Posted by: Kari Kankaanpää
Having digested the outcome of the Paris climate conference for a while and the highest hype over the result being evaporated, the result can be judged on its merit. What did the world actually accomplish? Is this a real turning point in efforts to combat climate change?
Definitely the outcome of COP21 was much better than anyone dared to expect. The biggest surprises finally were the ambitious 1.5 degrees target and the extensive role of markets in the text.
Actually there are a couple of success factors behind. The Agreement is a result of years’ progressive efforts. The world has changed in many ways and now the time was ripe. The bottom-up approach in preparing the agreement was flexible enabling countries to match their efforts to their circumstances. The French skilled diplomacy showed its power and numerous bilateral consultations around the world before the conference were most productive. There was a polite, but firm handling of “troublemakers”: everyone was heard during the process, everything was transparent and responsibilities were shared. Cooperation between the world giants US and China and US and India was active. Last but not least: the solidarity to France due to the unfortunate attacks in Paris a couple of weeks ago certainly played a role as well.
What makes a difference is that now we all are in the same boat, actions have to be undertaken by all. The earlier famous firewall between the developed and developing countries has been broken. All countries are obliged to present their national commitments (NDCs, nationally determined contributions) on mitigation, adaptation and financing, and report on the progress. Each subsequent pledge must be more ambitious, there is no backsliding possibility. Someone may question the conclusiveness of the deal: yes, there are no sanctions for non-compliance. But the collective target, transparent reporting and existing commitments by almost 190 countries are there. The coverage of the agreement is amazing: the current NDCs represent 98% of global emissions. Just to compare, the Kyoto Protocol covered less than 70% of emissions and less than 40 parties were involved.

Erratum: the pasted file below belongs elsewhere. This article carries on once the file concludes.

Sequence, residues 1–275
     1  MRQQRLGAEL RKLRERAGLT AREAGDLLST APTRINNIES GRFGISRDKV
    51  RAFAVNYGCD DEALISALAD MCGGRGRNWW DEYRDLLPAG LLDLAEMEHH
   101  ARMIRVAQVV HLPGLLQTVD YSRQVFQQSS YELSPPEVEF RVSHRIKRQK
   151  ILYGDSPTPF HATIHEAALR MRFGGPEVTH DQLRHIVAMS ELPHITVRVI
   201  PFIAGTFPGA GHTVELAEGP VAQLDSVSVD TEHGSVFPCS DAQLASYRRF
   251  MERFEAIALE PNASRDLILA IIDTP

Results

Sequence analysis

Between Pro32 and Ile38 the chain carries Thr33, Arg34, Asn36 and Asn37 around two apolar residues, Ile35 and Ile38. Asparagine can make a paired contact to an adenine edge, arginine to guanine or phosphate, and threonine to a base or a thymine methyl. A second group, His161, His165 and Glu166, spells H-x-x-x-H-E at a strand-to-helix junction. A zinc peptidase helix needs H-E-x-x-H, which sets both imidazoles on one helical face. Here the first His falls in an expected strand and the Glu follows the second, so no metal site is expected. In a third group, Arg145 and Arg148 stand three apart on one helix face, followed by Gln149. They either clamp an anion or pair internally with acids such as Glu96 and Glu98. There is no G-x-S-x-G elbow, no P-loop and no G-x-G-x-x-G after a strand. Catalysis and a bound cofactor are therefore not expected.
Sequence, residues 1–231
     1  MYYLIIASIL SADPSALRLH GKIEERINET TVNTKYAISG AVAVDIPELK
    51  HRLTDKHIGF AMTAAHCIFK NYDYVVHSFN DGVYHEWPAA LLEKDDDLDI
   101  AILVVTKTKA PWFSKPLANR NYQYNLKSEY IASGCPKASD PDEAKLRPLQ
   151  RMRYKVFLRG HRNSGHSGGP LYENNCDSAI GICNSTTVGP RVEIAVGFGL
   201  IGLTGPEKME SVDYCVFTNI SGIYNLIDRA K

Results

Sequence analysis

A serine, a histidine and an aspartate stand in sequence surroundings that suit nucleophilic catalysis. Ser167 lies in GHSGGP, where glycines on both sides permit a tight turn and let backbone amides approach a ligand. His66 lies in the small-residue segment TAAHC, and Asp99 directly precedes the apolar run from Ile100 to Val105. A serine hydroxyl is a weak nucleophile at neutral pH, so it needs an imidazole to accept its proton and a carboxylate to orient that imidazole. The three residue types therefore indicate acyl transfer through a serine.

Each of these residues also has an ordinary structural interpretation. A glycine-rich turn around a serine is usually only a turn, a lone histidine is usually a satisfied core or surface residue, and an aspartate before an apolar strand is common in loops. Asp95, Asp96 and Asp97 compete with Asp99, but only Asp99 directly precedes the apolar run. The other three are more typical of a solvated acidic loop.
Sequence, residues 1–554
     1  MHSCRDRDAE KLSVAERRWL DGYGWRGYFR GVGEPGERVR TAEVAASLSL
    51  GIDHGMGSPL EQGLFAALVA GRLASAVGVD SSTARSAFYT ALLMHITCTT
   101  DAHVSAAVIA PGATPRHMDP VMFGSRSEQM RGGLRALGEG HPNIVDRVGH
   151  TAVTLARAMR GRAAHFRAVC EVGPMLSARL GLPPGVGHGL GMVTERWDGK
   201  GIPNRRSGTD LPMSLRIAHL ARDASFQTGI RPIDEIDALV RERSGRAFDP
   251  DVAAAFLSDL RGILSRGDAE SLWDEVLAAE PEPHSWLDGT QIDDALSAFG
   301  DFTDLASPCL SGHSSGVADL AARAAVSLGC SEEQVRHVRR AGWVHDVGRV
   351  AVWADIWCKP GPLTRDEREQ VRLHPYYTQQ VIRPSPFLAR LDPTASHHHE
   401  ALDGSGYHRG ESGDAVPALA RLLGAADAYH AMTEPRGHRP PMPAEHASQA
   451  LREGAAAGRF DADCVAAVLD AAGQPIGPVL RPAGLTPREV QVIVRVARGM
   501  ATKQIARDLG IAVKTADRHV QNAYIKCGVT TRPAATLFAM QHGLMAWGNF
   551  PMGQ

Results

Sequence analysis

Accelerated energy transition
The Agreement sends a clear signal for climate action by all. The direction is evident – phase out greenhouse gas emissions in the second half of the century. The deal will increase long-awaited predictability and stability to enable investments to be redirected to low-carbon and climate resilient development. As such, it is expected to accelerate low-carbon transition and give new business opportunities. It will boost all low-carbon and carbon free solutions, including nuclear energy.
The EU’s “solo-run” on climate ambition seems to be fading out, as the key competitors are onboard. Concern on carbon and investment leakage will gradually diminish. Naturally this depends on e.g. how the carbon price level in the Chinese emissions trading system starting in 2017 will evolve.
Business was broadly engaged in pre-Paris action and during the COP21. In the run-up to Paris and during the conference, business was consistent and constant with the expectations and contributions on business action and carbon pricing. Also the investor community made a raft of pledges, such as to decarbonise portfolios or increase the share of investment in low-carbon and climate related areas. The push for carbon markets to be part of the deal was strong.
Paris Agreement enables market-driven mitigation action both through cooperative efforts and a new mechanism to support sustainable development. The decisions text also specifically mentions the role of carbon pricing in cutting emissions. The new trading provisions are open to developed and developing countries alike. It could provide impetus for the development of carbon markets globally. Joint markets and market mechanisms enable global cost efficiency.
As market approach now is recognized, it is important that the energy and climate policies of the EU and the member states support this intent. Market-driven development must be trusted and the regulations reduced. The EU should open its carbon market for internationally traded emission reductions and consider raising its 2030 climate ambition.
In short term, the Agreement will not impact the EU carbon price and is unlikely to raise ambition in the EU.
A piece of history
Most of the Paris Agreement is pretty boring legal text in UN jargon. Perhaps it is not entirely revolutionary, but evolutionary. It will not change the world overnight, in fact, it is a start of a long journey. A huge amount of work needs to be done in the next years to put “flesh to the bones” of the agreement. Most likely we have to wait for the next 10-15 years until we can judge whether Paris was a game changer or not.
This was my fourth COP attendace and definitely the best one. Although this sounds already a cliché, it was a once a lifetime experience to be witnessing this historic event!
Senior Manager, Climate Affairs